Patti Maulson was ready to rebuild her life after going through a divorce that left her bankrupt. A tribal member of the Lac du Flambeau Band of Lake Superior Chippewa tribe, she decided to return home to the reservation and become a homeowner once more.
With the bankruptcy fresh on her credit report, she couldn’t qualify for a loan through most banks. That’s when she reached out to Wisconsin Native Loan Fund (WINLF), a local Native CDFI servicing all eleven Tribes in Wisconsin. In a letter, Patti laid out the circumstances that led her to declare bankruptcy and the reparative steps she had been taking since then to rebuild.
Wisconsin Native Loan Fund, like many Native CDFIs, are usually the only non-predatory lender available to Native communities. And like many Native CDFIs, their mission as a lender is to uplift Native communities through fair lending and personalized financial education.
“We’re a hand up, not a handout,” said Janice St. Germaine, Director of Lending at Wisconsin Native Loan Fund (WINLF). “Not many people own their own homes. It’s not taught to own land on or off the reservation.”
Homeownership continues to be an area of great disparity, as Native communities face housing shortages, challenges in accessing mortgage capital, and other barriers to safe, affordable housing, enough that only 53% of Native Americans are homeowners compared to 71% of white households. Even worse is that usually the easiest and fastest way to acquire a loan is through payday lenders which trap people in predatory interest rates. Seeing a demand for housing and fair lending, WINLF opened their doors in 2008 and quickly expanded their operations to service all eleven Tribes in Wisconsin. They now offer a full range of lending services from auto loans to debt consolidation loans.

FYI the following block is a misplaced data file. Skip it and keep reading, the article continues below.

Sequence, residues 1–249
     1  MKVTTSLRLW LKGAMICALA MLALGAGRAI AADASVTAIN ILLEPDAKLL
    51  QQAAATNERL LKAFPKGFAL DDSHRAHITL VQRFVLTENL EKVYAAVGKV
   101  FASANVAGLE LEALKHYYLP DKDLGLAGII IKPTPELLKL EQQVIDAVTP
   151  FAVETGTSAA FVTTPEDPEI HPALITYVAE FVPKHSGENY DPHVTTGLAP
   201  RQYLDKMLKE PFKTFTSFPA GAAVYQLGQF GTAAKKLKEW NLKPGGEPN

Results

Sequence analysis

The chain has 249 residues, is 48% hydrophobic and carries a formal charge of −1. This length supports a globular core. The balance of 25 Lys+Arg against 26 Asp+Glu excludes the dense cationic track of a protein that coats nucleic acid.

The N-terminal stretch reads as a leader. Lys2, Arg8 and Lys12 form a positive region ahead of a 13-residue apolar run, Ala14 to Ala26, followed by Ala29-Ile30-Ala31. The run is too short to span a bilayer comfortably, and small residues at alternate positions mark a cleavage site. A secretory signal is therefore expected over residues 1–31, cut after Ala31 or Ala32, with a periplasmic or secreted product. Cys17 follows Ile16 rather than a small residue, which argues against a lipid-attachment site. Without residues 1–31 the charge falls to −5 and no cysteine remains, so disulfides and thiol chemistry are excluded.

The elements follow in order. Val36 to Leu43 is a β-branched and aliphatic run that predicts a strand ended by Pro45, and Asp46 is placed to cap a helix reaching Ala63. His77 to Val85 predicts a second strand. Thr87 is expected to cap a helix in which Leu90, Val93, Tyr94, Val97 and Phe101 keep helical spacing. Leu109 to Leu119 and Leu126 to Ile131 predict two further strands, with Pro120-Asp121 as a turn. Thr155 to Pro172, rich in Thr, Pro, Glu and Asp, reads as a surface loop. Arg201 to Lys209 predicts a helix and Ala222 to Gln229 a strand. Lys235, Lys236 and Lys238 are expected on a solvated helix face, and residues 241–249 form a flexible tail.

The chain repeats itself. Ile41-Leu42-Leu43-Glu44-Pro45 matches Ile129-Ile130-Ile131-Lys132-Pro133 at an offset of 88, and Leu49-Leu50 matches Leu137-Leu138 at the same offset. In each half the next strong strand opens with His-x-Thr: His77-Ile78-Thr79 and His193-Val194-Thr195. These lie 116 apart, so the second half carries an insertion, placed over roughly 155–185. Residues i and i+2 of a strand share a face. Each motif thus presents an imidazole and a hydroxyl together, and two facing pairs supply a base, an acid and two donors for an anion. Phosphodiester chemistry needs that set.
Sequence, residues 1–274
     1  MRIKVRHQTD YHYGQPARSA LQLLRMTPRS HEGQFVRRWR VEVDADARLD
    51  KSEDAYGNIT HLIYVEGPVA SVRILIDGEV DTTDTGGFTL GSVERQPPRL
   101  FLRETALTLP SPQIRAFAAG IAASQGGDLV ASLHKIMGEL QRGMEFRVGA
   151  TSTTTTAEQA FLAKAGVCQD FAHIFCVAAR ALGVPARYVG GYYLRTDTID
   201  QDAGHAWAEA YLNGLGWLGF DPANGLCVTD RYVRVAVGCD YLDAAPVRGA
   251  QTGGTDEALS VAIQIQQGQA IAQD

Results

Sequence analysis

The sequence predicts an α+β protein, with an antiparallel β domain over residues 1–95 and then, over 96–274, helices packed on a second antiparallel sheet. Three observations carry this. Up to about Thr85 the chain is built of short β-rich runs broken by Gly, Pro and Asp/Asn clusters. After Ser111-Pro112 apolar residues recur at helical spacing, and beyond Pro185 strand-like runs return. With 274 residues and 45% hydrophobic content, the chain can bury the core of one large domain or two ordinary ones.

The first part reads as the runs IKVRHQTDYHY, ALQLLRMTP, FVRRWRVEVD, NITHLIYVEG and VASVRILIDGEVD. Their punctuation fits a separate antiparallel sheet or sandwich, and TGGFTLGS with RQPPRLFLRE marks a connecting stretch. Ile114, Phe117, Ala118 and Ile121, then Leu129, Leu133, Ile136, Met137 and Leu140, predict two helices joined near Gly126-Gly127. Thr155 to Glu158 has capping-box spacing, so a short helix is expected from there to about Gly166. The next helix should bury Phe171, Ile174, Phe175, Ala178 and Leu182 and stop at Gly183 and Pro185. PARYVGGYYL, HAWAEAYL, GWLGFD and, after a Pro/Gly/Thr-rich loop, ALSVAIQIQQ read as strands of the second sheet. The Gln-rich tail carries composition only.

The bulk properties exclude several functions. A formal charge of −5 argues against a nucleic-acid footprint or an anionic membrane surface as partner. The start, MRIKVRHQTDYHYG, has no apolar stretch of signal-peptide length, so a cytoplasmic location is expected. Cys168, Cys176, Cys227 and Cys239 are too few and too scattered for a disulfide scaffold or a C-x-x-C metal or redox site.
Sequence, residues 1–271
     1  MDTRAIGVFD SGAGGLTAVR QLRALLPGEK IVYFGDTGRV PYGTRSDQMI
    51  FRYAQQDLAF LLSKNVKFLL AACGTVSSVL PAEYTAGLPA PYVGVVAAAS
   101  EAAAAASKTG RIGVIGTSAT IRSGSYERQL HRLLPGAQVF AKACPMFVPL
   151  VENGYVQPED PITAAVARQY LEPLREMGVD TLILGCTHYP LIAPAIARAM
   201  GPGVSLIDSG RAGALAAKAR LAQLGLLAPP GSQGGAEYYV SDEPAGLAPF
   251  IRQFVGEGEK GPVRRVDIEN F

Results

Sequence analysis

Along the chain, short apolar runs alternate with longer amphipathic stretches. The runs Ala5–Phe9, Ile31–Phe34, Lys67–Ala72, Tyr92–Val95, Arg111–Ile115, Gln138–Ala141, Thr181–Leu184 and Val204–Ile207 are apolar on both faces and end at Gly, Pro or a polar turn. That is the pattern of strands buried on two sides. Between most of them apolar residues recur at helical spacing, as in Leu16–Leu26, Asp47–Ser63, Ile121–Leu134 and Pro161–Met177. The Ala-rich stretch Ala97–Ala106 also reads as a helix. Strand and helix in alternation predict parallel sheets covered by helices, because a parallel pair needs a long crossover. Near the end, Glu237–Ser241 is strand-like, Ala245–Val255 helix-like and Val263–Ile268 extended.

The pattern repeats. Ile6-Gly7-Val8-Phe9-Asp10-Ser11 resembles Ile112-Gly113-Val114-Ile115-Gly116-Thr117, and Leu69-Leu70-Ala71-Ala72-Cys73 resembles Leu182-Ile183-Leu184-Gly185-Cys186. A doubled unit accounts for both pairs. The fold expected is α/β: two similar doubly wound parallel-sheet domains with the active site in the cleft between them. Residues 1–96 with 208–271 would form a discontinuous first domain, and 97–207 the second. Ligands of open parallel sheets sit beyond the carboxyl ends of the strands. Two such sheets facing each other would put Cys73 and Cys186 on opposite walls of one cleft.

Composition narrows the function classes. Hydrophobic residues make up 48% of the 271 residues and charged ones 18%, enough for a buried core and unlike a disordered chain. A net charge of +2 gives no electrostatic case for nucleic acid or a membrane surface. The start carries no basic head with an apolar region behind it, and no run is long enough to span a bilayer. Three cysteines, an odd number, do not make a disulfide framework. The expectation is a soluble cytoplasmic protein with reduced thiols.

WINLF continues to strive for the development of Tribal Nations in Wisconsin, partnering with constructions companies to address the housing shortage. A lot of the work they do is also related to empowering communities to thrive within the mainstream financial realm. “Indian people are taught survival. We’re not taught to care about finances or credit scores. At WINLF, we’re trying to help people be comfortable with financial matters and make it so they can go to the bank or some other financial institution,” said Janice St. Germaine. “We want to be a steppingstone for people, so they can graduate into going to a bank.”
Patti has continued her relationship with WINLF. She returned for an auto loan for a much-needed new truck. She is also making renovations to her home with the help of WINLF. “I am so grateful to WINLF as an institution that is available to us as Native people who are working hard to build lives for themselves and our families. I am back home and finally living the life I have dreamed of for so long,” shared Patti Maulson.
(This story was originally featured in Oweesta’s 2021 Annual Report.)